Drugs, privacy, prison. Those three things are linked to the debate over prescription drug databases -- and Missouri is the only state in the U.S. without one.
The New York Times published a piece Monday that refreshed the national discussion around the issue. But it's been a topic here in Missouri for some time. A prescription drug database tracks people's prescription-buying habits and flags those who are filling multiple prescriptions in a short time frame -- a clear sign of addiction.
At issue for Missouri lawmakers is whether such a database represents government overreach into personal privacy and whether having such a tool can actually do anything to decrease drug addiction.
The main points of discussion are the potential that databases have to address addiction, privacy and incarceration.
To help you better navigate the debate, here is a bare-bones exploration:
- Drugs And Addiction
Link to Heroin: A major focus of prescription drug databases is tracking prescription of painkillers like Percocet and Oxycontin. These prescription drugs are often the gateway substances to use of opioids, like heroin.
"Doctor shopping:" When those who abuse or sell prescription drugs can't get enough of the drugs from one doctor, they "shop" to another, and sometimes, another and another. This is called "doctor shopping." Advocates for prescription drug databases say the databases go directly toward stopping this activity. You can find out what some states are doing to try to stop doctor shopping.
- Data and Privacy
"Protecting people's liberty:" In their piece Monday The New York Times interviewed Missouri state Sen. Rob Schaaf, the main voice against establishing a prescription drug database in the state. His main issue? Privacy of patient information:
“There’s some people who say you are causing people to die — but I’m not causing people to die. I’m protecting other people’s liberty,” Mr. Schaaf said in a recent interview in his Senate office.
Back in 2012, the St. Louis Beacon interviewed Schaaf about the same topic, and privacy was still his primary concern:
State Sen. Rob Schaff, R-St. Joseph, said databases are "fraught with holes." He is a physician with a family medical practice in his hometown. A database allowing access to law enforcement, doctors and pharmacists -- depending on the rules -- could be compromised and violate doctor-patient privilege, he said.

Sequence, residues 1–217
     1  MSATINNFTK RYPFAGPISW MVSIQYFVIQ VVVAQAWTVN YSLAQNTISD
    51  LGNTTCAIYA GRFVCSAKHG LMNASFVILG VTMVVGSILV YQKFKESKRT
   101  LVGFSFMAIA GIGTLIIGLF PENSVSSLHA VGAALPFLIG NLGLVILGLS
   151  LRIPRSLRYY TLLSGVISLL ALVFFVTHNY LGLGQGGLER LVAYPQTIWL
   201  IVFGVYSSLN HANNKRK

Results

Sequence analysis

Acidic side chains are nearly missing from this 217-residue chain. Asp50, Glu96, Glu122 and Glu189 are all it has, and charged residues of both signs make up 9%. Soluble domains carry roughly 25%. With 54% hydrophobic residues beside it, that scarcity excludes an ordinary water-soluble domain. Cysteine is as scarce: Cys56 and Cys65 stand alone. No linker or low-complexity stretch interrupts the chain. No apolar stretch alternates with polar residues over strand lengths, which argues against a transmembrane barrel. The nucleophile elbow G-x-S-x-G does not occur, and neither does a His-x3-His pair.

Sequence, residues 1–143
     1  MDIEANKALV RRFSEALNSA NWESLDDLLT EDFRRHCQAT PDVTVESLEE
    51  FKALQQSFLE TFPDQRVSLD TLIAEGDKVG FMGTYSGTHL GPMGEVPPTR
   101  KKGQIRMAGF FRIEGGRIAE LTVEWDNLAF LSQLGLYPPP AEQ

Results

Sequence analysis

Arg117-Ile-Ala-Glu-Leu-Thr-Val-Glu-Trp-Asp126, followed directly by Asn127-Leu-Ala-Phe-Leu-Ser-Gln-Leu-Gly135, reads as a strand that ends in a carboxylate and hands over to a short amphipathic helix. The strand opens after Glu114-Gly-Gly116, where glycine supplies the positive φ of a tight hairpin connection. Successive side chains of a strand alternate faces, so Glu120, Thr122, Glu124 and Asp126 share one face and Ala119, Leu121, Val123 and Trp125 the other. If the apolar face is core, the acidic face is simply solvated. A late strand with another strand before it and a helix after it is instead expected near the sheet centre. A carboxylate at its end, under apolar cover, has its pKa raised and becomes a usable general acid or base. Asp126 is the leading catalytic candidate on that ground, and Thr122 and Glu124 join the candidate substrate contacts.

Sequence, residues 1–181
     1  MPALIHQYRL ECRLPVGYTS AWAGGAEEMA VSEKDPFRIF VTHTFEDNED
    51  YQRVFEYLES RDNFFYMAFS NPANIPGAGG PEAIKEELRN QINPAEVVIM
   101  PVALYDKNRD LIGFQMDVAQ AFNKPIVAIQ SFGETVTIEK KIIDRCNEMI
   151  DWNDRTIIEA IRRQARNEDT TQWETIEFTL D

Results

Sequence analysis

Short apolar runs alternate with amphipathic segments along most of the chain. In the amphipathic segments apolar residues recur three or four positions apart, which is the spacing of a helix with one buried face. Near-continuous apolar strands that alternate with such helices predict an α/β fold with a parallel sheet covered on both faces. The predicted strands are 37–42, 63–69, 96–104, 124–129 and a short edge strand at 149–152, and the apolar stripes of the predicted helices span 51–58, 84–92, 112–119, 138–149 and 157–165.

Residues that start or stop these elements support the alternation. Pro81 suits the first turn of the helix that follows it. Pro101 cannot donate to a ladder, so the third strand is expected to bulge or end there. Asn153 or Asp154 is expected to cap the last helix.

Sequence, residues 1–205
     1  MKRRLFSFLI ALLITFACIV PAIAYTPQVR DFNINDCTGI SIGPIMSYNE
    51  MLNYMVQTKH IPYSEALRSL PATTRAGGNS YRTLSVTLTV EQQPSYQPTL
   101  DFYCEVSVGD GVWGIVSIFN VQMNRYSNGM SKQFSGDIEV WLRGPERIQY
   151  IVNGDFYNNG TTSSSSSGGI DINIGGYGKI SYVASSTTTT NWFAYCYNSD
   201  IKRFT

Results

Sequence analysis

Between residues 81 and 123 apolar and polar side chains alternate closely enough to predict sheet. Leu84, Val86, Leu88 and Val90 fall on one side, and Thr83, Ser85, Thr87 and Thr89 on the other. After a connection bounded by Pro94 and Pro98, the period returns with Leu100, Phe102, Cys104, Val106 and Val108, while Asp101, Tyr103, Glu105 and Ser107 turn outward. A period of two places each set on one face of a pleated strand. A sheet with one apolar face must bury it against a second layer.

"People are going to lie to get drugs no matter what," Schaff said. "That doesn't meant the rest of the system, the 99 percent of the people who use them properly, should give up their right to privacy just to stop people from doing bad things."
Who gets access to what: Would databases be open to just patients? Doctors? Pharmacists? Law enforcement? There are a variety of answers to that question. The St. Louis Beacon reported in 2012 about two different approaches by two states:
There is not one uniform model for monitoring programs. Pennsylvania has one of the oldest programs, established in 1973. It does not allow access by patients, pharmacists or doctors -- only to law enforcement officials.
In Vermont, all those categories have access, except for law enforcement.
In May 2014, The Wall Street Journal said that the access to these databases is getting more difficult for law enforcement:
In February, a U.S. court in Oregon ruled for the first time that federal agents need a warrant to search that state's prescription-drug database. Last year, Rhode Island raised the barrier of entry to its database, and legislators in Florida and Pennsylvania are considering new limits on law-enforcement access to the records in those states...
In 17 states, law-enforcement authorities must get court approval before searching such databases, according to the [National Alliance for Model State Drug Laws.] Aside from Vermont, where the system is closed to law-enforcement authorities, the rest of the states grant access to investigators with few strings attached.
Solving the whole problem: Megan Ralston is a harm reduction manager at the Drug Policy Alliance, a national non-profit dedicated to finding alternatives to the "war on drugs." She said that the databases, when used solely for a law enforcement purposes, could actually do more harm than good.
And what about costs of incarceration versus drug treatment? An interesting recent study from UCLA showed that there were cost savings for California in treating offenders convicted of nonviolent drug offenses and probation and parole violators, versus incarcerating them - to the tune of more than $2,300 over a 30-month postconviction period.